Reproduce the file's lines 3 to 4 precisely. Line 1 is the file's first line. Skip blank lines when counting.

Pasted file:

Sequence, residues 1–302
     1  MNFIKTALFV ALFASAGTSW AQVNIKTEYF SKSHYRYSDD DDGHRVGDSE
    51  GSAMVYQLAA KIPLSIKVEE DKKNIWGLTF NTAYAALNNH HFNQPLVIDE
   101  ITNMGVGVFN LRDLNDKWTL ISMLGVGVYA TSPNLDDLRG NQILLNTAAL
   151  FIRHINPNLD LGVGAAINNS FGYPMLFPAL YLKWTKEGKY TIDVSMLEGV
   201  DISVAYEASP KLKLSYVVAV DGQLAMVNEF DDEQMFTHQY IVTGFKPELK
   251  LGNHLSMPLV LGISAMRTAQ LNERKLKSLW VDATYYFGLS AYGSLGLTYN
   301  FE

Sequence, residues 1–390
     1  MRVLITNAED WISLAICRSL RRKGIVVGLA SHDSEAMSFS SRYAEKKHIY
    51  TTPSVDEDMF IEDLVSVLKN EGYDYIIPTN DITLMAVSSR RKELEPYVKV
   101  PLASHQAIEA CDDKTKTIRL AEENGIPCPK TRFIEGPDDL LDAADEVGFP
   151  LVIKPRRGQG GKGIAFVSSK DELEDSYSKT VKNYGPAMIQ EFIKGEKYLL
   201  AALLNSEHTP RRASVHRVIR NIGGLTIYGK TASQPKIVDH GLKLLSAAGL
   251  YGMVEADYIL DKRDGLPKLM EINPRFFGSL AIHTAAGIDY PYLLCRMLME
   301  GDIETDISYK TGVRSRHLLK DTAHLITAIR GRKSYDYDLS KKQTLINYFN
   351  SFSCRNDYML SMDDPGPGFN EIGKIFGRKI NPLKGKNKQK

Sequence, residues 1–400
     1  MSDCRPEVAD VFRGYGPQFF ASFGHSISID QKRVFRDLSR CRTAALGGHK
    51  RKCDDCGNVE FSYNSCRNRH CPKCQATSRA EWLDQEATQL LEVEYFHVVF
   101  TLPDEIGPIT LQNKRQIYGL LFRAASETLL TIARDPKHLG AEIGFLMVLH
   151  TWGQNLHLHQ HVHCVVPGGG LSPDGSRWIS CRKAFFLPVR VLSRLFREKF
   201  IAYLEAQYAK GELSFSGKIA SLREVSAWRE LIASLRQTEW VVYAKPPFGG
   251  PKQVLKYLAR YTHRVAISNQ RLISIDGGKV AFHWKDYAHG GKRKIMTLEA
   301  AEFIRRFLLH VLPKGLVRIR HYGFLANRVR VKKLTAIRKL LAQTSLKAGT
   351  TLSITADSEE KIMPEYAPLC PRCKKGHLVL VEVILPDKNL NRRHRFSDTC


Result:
    51  GSAMVYQLAA KIPLSIKVEE DKKNIWGLTF NTAYAALNNH HFNQPLVIDE
   101  ITNMGVGVFN LRDLNDKWTL ISMLGVGVYA TSPNLDDLRG NQILLNTAAL